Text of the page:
Sunday 22 September 2019

Rosslare Fort ruins emerge from the sea

The remains of Rosslare Fort, visible at low tide. RIGHT: A painting of Rosslare Fort in all its glory by Brian Cleare.
The remains of Rosslare Fort, visible at low tide. RIGHT: A painting of Rosslare Fort in all its glory by Brian Cleare.
John (Jack) and Mary Anne Sheil who lived on the Fort.
Mary Shiel and baby Tony Coy.

By David Tucker

ONCE Rosslare Fort stood as a sentinel, its guns defending the narrow approaches to Wexford Harbour. Now, its sea-shrouded ruins are rarely seen.

At low tide a few jagged pieces of seaweed- and barnacle-encrusted masonry sometimes emerge from the waves, all that remains of a once-thriving settlement which at its height was home to 50 families.

Members of Wexford RNLI were recently surveying the harbour approaches when they discovered that parts of the fort were visible and that they could actually walk on them, the pictures they took evoking memories for people whose ancestors were born and reared at the fort on the tip of a peninsula abandoned to the sea in 1925.

Lorraine Galvin, from Wexford RNLI, said the crew which visited the remains of the fort - which can sometimes be seen from the Raven - found bricks from houses which once stood there as well as a trapdoor going to who knows where.

'It's not normally visible. It's the most exposed we've seen it in our lifetimes and is very special to the members of the volunteer crew because there were two lifeboats based there, including the James Stevens which took part in the Mexico rescue,' said Lorraine.

'The reason we were out there is because the sandbanks of Wexford are always changing and even in the winter months we go out to see where they lie.. when we came across the ruins of the fort it was an extra bonus,' said Lorraine.

Madeleine Quirke, the CEO of Wexford Chamber, said her maternal grandmother Mary Sheil was born at the fort, which she left in 1908 to get married, one of a hardy band who inhabited this scrap of sea- and wind-swept land.

'I recall many stories told by my mother of very strong sense of community the families had on Rosslare Fort, the values handed down to their children and to their grand children, their love of all things to do with the sea,' said Madeleine.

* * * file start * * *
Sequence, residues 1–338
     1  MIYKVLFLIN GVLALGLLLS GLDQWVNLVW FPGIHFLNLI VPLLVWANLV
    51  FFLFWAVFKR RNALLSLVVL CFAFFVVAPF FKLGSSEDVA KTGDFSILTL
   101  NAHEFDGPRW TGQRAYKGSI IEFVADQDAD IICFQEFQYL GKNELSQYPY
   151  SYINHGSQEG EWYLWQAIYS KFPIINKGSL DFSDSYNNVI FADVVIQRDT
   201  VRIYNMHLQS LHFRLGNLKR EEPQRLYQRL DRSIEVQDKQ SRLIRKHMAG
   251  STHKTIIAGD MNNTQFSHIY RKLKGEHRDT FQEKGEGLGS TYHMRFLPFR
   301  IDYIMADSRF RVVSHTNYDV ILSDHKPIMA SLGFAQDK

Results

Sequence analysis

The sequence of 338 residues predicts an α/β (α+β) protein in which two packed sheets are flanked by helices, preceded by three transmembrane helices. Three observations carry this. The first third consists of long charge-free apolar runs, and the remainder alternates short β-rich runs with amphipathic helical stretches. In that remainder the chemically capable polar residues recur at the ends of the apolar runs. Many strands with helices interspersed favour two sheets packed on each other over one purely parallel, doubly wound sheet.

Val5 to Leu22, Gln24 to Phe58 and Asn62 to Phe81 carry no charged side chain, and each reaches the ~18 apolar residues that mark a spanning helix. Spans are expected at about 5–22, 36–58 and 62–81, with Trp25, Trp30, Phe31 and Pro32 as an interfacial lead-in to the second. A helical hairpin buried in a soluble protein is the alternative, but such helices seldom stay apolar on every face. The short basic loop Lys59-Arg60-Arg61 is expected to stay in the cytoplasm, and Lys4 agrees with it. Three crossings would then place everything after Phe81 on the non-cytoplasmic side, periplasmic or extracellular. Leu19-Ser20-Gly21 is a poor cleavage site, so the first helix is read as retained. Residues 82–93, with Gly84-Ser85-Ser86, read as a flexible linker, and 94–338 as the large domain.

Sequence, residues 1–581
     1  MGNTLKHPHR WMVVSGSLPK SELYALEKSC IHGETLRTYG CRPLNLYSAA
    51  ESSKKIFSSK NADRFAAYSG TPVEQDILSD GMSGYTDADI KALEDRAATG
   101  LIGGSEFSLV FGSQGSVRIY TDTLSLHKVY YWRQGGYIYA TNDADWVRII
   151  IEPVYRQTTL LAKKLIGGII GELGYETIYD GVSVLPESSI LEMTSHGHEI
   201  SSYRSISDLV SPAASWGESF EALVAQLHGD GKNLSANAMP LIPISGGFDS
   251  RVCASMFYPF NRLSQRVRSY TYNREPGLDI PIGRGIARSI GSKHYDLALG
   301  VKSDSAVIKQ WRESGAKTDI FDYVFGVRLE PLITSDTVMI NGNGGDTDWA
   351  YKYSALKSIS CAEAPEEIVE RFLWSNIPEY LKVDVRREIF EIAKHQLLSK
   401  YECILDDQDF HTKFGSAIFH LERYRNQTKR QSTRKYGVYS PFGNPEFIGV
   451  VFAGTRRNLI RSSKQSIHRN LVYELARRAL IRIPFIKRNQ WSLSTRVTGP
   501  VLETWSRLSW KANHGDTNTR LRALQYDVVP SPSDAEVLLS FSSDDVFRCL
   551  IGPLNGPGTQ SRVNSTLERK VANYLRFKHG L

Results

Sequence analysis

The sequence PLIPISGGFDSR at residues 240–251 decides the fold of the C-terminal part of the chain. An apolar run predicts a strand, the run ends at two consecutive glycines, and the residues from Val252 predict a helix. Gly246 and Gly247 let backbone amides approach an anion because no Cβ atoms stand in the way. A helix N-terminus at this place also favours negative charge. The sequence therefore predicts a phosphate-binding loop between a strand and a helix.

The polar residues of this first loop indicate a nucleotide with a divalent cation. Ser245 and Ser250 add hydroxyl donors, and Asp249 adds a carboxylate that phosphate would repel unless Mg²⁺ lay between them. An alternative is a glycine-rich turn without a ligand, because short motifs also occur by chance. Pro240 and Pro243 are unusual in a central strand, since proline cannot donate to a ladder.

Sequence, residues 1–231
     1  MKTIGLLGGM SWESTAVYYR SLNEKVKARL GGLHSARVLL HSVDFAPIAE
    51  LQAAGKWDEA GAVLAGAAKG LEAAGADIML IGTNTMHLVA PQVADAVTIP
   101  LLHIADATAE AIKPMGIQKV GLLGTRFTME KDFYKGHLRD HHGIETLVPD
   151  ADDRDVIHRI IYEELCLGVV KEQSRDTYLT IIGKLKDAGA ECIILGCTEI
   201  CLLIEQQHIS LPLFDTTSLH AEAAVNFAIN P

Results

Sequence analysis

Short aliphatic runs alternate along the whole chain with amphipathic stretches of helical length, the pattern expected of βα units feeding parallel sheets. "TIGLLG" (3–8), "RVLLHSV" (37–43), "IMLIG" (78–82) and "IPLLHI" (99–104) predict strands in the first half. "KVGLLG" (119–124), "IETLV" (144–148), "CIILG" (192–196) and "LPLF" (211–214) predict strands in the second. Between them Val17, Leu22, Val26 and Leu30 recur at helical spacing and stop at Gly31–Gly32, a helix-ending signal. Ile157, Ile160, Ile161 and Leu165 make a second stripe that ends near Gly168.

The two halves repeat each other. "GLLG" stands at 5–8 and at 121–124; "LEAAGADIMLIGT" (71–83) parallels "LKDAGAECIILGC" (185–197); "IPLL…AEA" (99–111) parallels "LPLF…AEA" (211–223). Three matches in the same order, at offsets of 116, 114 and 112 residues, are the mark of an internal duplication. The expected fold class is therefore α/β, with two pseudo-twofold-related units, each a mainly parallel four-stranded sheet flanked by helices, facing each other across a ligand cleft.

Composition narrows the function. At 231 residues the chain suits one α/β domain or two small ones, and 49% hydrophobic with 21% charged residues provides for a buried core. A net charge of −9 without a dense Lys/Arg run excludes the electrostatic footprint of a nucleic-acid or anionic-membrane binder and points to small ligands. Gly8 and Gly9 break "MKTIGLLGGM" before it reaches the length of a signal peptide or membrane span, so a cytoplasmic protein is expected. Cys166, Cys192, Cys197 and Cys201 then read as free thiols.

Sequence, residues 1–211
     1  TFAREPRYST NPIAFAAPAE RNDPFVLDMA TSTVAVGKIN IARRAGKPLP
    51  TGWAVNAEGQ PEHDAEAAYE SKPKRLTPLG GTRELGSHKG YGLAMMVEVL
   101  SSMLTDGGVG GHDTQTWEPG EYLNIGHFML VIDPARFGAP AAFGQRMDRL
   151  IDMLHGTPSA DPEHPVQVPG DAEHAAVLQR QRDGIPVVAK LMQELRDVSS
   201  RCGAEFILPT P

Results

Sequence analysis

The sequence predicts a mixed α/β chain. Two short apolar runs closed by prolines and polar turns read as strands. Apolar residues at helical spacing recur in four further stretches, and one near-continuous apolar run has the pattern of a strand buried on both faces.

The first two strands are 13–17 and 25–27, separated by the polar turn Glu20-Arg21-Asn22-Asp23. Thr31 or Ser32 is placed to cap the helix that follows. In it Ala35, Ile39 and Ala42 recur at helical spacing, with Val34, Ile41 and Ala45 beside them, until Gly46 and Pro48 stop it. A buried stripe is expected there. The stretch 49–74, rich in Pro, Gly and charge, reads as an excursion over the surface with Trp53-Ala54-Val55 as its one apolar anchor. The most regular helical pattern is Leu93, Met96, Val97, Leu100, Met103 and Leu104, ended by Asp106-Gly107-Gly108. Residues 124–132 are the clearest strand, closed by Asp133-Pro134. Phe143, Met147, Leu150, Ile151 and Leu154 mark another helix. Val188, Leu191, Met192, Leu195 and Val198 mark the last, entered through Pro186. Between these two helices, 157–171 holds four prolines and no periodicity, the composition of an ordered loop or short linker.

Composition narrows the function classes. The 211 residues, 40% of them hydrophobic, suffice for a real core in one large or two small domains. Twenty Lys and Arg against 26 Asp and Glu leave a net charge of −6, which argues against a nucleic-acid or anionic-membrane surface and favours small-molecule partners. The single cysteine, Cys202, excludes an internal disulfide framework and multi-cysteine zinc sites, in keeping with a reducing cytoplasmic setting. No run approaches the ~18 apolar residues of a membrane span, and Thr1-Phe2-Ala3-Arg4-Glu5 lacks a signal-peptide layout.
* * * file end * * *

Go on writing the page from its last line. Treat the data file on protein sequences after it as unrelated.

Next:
At Rosslare Harbour Maritime Museum is to be found a detailed record of the fort, with memorabilia including canon balls caught in fishermen's nets.

There Leo Coy and John Boyce are keen to show off the pictures of the fort and its people, some of their ancestors among them, with references to its role as a lifeboat station and census records detailing the lives and times of the people who called it home.

The earliest reference to the fort dates back to Giovanni Boazio's 1599 map of Ireland. In his book 'Rosslare Fort and its People,' Gerard Kehoe, says John Speed's map of 1610 shows a structure on the peninsula 'so it is reasonable to assume that defences, probably incorporating a lighthouse, existed here at the end of the 16th Century'.

In 1641, Wexford town, which was completely walled on the land side, became the naval base and port of entry for the Confederation of Kilkenny.

Kehoe says that around 1642, a substantial stone fort, comprising seven great guns, was erected near the top of the peninsula by the confederate army and placed under the control of one Paul Turner. The confederates hoped that the fort would repel and sea-borne invasion of the port,however in 1649 when Cromwell landed, he sent a force of dragoons who approached the fort from the peninsula, the confederates fleeing without firing a shot.

As a result, Cromwell's fleet sailed unhindered into Wexford Harbour, landing six siege guns which were positioned on the Rocks.

There is little on record in the intervening years. However, the fort was given prominence by Hore in 1649 when he wrote that it was decreed that it should be preserved for the defence of the kingdom.

In 1800, its first Catholic commander, named Warren, had a Catholic church opened in the village at the fort which had 40 or 50 dwellings and a school, but numbers declined and in the late 1850s, the customs were withdrawn.

The settlement was dominated by a central square with a 70-foot flagstaff at its centre.

A lifeboat station was opened at the fort in 1838, with the station lapsing between 1851 until 1858, when a small lifeboat was stationed at it.

Following the loss of the emigrant ship Pomona in 1859, with the loss of 386 out of 409 people on board, a public outcry resulted in the establishment of a second station at the fort.

One of the most spectacular rescues the Wexford lifeboat was involved with came in 1914, when the James Stevens was towed by a tug from the fort to Fethard and the foundering Mexico.

Life at the fort at times was difficult with some making weekly rowing boat trips to Wexford for supplies, although when the south easterlies blew this was nigh on impossible.

Some of its younger residents had a reputation for throwing stones at ships passing through the narrow channel, the sailors throwing back lumps of coal which would be eagerly collected and harvested as free fuel.

Many of those who left the fort 90 or 100 years ago settled in Rosslare Strand and Harbour, the Sheils, Kavanaghs and Duggans amongst them, their descendents playing a key role in the future of local communities which grew up with the sea.

Wexford People

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